Business relief at Sinn Féin’s election woes

Ibec concerned that rise of Independents could lead to disparate Opposition lacking cohesion to provide ‘robust engagement on the legislative process’

A glum-looking Mary Lou McDonald, Sinn Féin leader, at the election count in the RDS in the past week. The party secured just 12 per cent of the votes in the local elections. Photograph: Nick Bradshaw

Many senior figures in Irish business breathed a sigh of relief at Sinn Féin’s poor showing in the local elections last week, after four years of consistent poll performances suggesting the party would lead the next government.

“We like certainty and it was good to see the centre ground holding,” one senior chief executive told Cantillon this week.

Of course, with an election still potentially up to nine months away, Sinn Féin has time to turn around the election setbacks, with the party securing just under 12 per cent of the vote in the locals. But Fine Gael and Fianna Fáil might be tempted to go early to capitalise on their solid performances last week. The Green Party might be less enthusiastic given it lost half its council seats and both of its European ones.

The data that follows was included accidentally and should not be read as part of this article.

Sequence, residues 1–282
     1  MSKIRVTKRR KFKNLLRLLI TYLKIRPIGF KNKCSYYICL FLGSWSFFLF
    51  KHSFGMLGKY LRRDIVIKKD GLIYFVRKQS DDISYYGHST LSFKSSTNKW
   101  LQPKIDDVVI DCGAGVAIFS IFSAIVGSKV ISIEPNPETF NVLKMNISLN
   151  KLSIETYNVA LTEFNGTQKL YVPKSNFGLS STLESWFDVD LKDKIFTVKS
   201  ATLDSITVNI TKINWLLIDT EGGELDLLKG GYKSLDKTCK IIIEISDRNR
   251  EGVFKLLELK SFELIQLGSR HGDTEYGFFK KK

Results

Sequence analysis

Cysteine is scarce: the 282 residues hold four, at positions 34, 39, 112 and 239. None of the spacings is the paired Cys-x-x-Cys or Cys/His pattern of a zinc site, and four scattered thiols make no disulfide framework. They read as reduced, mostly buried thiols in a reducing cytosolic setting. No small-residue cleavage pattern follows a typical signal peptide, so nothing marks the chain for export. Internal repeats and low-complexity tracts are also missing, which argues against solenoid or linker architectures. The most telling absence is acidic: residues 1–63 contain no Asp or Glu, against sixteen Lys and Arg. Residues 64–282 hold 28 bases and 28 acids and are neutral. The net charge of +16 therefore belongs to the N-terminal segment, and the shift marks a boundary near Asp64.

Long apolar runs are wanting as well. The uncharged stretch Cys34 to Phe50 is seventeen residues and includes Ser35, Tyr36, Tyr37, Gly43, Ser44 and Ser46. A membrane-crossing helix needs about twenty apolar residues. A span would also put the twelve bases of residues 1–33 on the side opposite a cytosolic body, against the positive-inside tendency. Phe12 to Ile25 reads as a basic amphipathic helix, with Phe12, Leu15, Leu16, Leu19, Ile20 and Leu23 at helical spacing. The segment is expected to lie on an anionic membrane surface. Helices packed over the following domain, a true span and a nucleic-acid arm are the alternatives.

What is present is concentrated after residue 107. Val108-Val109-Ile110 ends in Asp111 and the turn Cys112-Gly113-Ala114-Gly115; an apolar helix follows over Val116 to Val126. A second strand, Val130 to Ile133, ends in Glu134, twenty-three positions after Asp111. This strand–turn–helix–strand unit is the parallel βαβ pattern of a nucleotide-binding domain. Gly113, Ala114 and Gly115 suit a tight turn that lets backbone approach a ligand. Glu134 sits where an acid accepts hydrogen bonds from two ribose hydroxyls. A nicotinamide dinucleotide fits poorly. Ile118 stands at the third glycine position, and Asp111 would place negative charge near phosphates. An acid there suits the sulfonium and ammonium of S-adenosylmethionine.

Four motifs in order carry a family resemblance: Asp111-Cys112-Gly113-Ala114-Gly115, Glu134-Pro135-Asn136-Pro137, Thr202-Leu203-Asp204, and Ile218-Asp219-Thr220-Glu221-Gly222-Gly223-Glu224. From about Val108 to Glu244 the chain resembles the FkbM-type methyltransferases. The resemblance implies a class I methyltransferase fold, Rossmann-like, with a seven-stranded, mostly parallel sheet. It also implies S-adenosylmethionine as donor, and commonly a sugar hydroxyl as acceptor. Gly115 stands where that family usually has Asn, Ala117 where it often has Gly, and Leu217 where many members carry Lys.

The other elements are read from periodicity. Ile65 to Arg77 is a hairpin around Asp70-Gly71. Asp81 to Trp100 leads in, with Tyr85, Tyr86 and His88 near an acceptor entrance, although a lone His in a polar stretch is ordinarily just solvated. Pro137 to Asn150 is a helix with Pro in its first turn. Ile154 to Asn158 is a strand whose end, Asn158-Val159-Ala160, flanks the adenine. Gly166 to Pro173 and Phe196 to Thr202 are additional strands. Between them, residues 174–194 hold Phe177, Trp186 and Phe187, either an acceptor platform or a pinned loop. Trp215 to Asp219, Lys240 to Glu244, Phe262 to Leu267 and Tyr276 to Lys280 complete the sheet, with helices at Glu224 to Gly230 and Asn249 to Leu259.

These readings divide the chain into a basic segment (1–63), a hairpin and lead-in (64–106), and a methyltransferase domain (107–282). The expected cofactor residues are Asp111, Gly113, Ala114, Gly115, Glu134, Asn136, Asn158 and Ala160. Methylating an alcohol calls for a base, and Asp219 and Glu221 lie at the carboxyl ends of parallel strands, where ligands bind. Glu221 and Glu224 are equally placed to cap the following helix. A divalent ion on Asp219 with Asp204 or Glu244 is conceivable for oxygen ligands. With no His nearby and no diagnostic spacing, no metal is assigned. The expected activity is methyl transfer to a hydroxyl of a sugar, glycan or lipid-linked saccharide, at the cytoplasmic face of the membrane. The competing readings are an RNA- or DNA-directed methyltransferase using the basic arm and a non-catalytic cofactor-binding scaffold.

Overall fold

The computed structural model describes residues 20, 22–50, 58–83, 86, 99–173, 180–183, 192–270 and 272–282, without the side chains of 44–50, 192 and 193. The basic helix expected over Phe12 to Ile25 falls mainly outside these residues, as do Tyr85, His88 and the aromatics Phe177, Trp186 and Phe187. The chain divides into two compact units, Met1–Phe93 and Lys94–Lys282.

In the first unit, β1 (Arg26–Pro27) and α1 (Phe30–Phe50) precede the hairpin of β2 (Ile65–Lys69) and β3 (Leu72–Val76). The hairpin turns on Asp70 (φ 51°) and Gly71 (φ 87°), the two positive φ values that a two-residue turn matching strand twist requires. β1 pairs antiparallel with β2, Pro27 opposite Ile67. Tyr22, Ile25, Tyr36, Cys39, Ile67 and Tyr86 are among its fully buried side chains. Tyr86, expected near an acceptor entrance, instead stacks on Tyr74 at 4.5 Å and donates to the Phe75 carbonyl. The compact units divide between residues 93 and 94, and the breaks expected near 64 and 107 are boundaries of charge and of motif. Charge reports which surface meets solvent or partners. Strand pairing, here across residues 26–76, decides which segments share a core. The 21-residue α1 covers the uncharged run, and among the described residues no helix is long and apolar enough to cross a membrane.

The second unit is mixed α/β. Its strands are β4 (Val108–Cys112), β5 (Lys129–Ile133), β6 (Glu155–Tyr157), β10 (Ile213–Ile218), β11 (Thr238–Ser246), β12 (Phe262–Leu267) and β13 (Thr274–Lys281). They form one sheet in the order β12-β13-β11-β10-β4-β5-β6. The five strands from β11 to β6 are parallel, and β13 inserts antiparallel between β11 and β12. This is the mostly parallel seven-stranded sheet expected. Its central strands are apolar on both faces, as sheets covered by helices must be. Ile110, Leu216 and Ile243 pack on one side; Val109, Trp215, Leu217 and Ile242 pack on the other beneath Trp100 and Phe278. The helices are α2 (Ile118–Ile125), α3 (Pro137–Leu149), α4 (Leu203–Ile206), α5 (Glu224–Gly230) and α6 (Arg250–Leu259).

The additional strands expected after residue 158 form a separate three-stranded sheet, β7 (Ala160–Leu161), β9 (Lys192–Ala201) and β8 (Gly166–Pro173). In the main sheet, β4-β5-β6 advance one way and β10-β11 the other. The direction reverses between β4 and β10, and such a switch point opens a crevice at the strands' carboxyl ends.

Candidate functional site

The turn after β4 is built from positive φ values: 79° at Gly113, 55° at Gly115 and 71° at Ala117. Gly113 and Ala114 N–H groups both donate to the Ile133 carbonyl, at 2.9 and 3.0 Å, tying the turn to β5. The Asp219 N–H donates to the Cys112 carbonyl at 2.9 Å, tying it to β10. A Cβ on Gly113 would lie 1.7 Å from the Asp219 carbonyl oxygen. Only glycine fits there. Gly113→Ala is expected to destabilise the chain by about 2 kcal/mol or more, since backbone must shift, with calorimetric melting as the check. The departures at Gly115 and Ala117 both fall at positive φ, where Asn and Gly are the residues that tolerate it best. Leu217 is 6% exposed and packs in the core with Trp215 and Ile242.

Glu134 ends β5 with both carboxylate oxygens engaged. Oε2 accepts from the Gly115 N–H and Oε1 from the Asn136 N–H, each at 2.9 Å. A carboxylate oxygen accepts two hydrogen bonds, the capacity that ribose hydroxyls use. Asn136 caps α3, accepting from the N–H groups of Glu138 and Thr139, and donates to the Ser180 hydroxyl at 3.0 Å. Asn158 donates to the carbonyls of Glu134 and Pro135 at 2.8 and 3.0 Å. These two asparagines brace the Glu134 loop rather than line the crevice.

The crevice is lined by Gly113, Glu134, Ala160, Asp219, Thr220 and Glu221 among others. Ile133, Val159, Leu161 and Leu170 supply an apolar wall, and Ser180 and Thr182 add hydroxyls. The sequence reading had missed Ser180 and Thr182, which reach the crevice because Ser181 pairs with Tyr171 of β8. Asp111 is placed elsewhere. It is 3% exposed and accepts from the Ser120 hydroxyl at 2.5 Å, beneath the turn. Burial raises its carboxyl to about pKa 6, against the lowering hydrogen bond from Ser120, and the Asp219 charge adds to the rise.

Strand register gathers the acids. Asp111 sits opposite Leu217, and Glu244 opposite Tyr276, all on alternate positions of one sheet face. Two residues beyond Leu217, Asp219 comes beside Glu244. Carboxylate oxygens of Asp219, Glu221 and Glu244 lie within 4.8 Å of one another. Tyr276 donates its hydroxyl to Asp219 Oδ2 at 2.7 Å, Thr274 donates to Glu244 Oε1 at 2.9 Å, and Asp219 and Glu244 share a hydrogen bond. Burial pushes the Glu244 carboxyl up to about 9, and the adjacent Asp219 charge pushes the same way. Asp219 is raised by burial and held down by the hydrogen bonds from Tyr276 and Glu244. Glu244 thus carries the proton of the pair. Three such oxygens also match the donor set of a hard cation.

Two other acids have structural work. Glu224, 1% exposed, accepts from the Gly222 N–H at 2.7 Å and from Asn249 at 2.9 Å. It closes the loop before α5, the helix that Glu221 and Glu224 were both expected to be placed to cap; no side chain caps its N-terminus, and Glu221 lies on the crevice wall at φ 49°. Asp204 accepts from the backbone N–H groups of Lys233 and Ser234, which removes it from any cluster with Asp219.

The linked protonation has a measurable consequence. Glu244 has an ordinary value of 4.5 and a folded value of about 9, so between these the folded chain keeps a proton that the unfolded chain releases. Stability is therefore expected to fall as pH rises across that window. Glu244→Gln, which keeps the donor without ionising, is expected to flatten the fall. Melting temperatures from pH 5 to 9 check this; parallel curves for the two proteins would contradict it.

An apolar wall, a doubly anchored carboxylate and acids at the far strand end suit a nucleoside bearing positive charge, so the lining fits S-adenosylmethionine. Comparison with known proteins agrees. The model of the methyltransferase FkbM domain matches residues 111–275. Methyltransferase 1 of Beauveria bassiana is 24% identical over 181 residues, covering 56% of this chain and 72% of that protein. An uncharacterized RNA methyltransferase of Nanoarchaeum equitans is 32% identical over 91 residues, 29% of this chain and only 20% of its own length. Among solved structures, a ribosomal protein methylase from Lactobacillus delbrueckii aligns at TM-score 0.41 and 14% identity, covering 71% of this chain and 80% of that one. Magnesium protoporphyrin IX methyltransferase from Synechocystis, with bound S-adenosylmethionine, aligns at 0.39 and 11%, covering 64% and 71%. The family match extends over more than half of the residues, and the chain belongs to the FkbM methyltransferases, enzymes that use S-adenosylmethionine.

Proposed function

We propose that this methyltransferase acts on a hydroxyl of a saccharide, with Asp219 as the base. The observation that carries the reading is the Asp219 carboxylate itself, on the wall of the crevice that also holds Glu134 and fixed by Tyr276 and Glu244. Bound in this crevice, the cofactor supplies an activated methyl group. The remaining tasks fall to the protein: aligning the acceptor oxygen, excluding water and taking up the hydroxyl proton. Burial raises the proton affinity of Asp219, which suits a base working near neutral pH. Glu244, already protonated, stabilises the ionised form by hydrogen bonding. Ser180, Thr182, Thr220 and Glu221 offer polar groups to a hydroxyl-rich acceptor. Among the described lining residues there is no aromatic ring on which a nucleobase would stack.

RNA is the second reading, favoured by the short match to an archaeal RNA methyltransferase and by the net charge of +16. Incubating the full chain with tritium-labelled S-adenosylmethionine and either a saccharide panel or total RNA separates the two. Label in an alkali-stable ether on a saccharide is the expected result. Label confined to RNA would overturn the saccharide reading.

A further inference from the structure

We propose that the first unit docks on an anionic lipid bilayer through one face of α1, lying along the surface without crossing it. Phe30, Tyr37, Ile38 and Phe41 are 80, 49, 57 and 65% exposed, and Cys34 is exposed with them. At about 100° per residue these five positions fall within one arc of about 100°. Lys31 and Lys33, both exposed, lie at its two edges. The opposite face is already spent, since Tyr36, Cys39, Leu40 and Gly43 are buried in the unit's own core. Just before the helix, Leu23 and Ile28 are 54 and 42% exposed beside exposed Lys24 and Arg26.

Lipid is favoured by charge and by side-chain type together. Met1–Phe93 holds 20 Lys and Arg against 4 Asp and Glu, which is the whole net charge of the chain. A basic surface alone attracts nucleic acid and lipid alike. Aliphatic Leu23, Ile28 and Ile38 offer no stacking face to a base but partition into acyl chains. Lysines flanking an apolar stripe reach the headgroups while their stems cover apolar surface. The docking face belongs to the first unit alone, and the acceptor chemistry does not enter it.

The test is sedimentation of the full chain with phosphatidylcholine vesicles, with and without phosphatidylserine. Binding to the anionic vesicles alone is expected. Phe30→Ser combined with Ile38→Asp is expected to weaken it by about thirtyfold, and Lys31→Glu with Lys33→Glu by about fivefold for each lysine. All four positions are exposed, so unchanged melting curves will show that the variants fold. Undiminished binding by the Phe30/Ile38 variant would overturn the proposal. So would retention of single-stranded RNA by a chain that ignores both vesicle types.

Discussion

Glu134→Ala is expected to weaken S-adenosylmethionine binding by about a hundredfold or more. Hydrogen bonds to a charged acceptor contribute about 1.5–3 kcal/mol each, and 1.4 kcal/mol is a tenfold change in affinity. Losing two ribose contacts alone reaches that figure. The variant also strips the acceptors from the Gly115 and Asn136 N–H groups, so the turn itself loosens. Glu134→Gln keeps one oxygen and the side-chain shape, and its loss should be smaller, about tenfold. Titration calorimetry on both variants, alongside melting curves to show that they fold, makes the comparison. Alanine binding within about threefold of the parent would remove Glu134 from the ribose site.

Sinn Féin had been on a charm offensive with US multinationals invested here and local businesses (including a briefing last month with Davy) to affirm its commitment to our corporate tax rate, and to pursuing commonsense policies to maintain the Irish economic growth story. This makes sense given that a strong Irish economy will be key to paying for a United Ireland, Sinn Féin’s number one goal.


Independents were the other winners from the locals, securing 28 per cent of the vote. If these voting patterns were repeated in the general election, the Opposition benches would have a disparate look to them.

That scenario doesn’t sit well with Danny McCoy, chief executive of employers group Ibec. When asked for a view on the election landscape, he cited the need for a “cohesive opposition in order to provide robust engagement on the legislative process”.

“Political fragmentation makes it more challenging for both the Oireachtas committee processes and for effective stakeholder input to, and scrutiny of, new legislation,” he added.